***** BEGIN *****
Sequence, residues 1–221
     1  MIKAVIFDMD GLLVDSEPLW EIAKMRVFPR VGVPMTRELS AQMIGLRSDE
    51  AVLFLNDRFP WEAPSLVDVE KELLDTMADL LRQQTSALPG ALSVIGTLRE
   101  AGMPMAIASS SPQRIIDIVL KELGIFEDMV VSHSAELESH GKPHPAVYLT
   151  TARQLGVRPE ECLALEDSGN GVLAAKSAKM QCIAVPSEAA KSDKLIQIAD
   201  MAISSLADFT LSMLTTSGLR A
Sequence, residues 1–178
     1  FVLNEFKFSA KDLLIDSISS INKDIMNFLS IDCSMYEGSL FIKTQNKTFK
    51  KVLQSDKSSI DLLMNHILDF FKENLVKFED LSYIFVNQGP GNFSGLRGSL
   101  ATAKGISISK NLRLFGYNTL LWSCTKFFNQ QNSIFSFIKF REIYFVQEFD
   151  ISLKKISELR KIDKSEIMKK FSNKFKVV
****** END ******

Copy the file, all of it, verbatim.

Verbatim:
Sequence, residues 1–221
     1  MIKAVIFDMD GLLVDSEPLW EIAKMRVFPR VGVPMTRELS AQMIGLRSDE
    51  AVLFLNDRFP WEAPSLVDVE KELLDTMADL LRQQTSALPG ALSVIGTLRE
   101  AGMPMAIASS SPQRIIDIVL KELGIFEDMV VSHSAELESH GKPHPAVYLT
   151  TARQLGVRPE ECLALEDSGN GVLAAKSAKM QCIAVPSEAA KSDKLIQIAD
   201  MAISSLADFT LSMLTTSGLR A
Sequence, residues 1–178
     1  FVLNEFKFSA KDLLIDSISS INKDIMNFLS IDCSMYEGSL FIKTQNKTFK
    51  KVLQSDKSSI DLLMNHILDF FKENLVKFED LSYIFVNQGP GNFSGLRGSL
   101  ATAKGISISK NLRLFGYNTL LWSCTKFFNQ QNSIFSFIKF REIYFVQEFD
   151  ISLKKISELR KIDKSEIMKK FSNKFKVV